Oaks and madrones in Felton, CA thriving after mimicry treatments

17 11 2022
Coast live oak with roots compromised by adjacent construction still faring well

In November 2020 I began fire mimicry treatments on several coast live oaks and Pacific madrones in Felton, CA. Last year, when I checked on these trees, they were already showing a nice improvement (see here). Now after two years nearly all of the trees are showing noticeable positive responses to the treatments, even at the height of drought conditions. Several of the oaks have undergone major stem canker surgeries, but still seem to be on the mend. Hope you enjoy these results as much as these trees.

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Thoughts and images from our “Restoring Fire Safe Communities: Fire Mimicry and TEK” workshop at Indian Canyon (Nov. 11-13, 2022)

14 11 2022

Kanyon Sayers-Roods welcoming us to Indian Canyon with song and ceremony

In 2005 I had a thought (ironically, or not, beneath an Ancestor coast redwood) of creating a movement called Sudden Oak Life, with the intent of helping restore the dying oak forests of California through the efforts of fire mimicry. The movement has grown steadily over the years as more and more positive results from my fire mimicry practice have been documented. Now that I’m able to give more time to sharing these practices with the larger community, the Sudden Oak Life movement is now blooming.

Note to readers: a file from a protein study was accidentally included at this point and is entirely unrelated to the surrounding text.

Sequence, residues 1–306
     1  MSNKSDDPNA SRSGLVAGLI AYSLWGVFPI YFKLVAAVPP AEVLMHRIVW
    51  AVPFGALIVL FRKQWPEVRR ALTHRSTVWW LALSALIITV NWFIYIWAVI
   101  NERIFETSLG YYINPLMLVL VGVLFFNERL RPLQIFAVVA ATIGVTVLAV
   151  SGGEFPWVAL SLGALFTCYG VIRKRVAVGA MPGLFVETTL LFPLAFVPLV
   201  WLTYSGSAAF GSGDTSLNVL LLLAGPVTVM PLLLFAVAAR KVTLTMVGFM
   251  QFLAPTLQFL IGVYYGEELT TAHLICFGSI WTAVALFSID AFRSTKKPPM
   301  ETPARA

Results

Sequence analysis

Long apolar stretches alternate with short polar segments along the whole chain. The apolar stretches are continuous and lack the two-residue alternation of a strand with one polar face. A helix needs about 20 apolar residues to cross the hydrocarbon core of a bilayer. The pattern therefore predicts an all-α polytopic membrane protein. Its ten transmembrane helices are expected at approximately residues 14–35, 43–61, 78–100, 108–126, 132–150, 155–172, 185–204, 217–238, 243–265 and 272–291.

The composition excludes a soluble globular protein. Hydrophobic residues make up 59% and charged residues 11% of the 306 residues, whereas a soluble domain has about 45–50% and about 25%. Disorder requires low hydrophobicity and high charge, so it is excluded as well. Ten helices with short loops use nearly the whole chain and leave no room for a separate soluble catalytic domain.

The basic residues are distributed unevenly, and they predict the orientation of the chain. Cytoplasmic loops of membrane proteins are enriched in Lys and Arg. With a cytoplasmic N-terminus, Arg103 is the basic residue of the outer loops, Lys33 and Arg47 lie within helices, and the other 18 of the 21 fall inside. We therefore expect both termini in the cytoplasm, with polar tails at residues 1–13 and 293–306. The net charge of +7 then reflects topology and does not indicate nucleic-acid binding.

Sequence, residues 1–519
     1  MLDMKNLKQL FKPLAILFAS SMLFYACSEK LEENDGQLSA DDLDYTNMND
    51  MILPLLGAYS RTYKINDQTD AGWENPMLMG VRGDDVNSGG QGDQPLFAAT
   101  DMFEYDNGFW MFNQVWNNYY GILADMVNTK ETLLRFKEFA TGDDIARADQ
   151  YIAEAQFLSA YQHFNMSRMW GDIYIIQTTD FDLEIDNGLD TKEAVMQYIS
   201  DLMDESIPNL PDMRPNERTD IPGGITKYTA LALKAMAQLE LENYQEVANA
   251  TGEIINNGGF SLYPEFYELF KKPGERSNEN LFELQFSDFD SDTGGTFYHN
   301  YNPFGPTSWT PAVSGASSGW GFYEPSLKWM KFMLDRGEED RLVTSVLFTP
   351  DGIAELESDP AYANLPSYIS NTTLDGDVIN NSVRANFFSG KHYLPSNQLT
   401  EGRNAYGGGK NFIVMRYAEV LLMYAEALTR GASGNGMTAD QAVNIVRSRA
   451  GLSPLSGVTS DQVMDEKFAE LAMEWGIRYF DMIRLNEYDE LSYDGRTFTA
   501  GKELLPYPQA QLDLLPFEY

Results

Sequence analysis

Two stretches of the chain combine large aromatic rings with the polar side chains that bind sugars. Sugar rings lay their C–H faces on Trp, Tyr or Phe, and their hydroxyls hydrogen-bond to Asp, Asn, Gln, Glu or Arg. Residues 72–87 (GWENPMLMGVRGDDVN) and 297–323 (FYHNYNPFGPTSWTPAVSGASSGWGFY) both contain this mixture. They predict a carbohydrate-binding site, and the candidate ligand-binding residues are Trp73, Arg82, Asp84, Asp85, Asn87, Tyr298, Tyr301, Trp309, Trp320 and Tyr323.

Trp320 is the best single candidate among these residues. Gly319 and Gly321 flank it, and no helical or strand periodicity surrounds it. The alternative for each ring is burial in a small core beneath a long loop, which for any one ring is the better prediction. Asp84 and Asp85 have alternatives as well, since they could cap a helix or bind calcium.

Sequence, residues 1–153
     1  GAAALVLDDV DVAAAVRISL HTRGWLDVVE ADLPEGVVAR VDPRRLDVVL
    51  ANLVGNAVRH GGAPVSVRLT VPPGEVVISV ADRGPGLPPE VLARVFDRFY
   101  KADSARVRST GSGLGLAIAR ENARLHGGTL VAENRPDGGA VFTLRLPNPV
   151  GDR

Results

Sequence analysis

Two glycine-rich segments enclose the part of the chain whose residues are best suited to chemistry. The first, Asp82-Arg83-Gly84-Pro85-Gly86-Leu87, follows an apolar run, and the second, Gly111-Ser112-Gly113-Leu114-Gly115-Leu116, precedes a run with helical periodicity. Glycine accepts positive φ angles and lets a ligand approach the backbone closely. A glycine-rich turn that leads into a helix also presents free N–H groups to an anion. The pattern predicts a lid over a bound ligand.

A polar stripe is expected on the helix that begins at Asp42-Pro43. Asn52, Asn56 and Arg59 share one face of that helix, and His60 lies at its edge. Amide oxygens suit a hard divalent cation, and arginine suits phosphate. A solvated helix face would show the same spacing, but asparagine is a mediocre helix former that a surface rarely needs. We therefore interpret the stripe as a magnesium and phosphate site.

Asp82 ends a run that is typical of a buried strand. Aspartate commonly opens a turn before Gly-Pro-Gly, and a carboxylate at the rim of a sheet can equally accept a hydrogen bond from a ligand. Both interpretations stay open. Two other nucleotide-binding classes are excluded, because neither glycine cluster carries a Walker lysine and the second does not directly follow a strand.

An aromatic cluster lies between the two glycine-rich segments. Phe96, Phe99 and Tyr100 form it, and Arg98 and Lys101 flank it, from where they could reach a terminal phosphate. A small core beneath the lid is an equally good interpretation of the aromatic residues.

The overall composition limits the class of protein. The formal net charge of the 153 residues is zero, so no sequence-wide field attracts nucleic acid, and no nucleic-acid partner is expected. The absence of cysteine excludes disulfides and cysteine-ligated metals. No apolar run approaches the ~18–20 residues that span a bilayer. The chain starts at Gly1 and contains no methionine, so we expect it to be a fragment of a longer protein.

Thanks to the fine efforts of EcoCamp Coyote and Indian Canyon Nation this past weekend we attracted more than 70 participants of all genders, ages, and ethnicities for our “Restoring Fire Safe Communities: Fire Mimicry and TEK” workshop at Indian Canyon. Along with my teachings on fire mimicry, we had TEK instruction led by Kanyon Sayers-Roods (Mutsun Ohlone) and Chanel Keller (Esselen Tribe), We were also honored to receive some heartfelt teachings from Anne Freiwald and Lydia Neilsen on methods of stream restoration. Ammon Felix guided us in the basics of chain saw safety and operation. At the end of the workshop, the enthusiasm of the participants for the teachings shared and the futures created were palpable.

I’m immensely pleased to see how this movement has grown in both size and diversity! Below are a few images of our event.

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Big Sur oaks on the mend …

26 10 2022

In October of 2020 I began fire mimicry treatments on 4 coast live oaks and one black oak here in Big Sur. The above oak also received a major stem canker surgery. Yesterday I checked on the progress of the oaks at the two year mark, nearly to the minute. I’ll never tire of seeing trees get healthier!

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Before-and-after photos of ladder fuel management in oak forests

7 10 2022

The photos here show several stands of old-growth coast live oaks in Carmel Valley, CA that were cleared, thinned, and pruned in order to reduce the ladder fuels and prepare these sites for future prescribed burns. Time-lapse videos of these and other nearby sites are presented in several recent posts.

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Reducing ladder fuels and competition around an Ancestor coast live oak

4 10 2022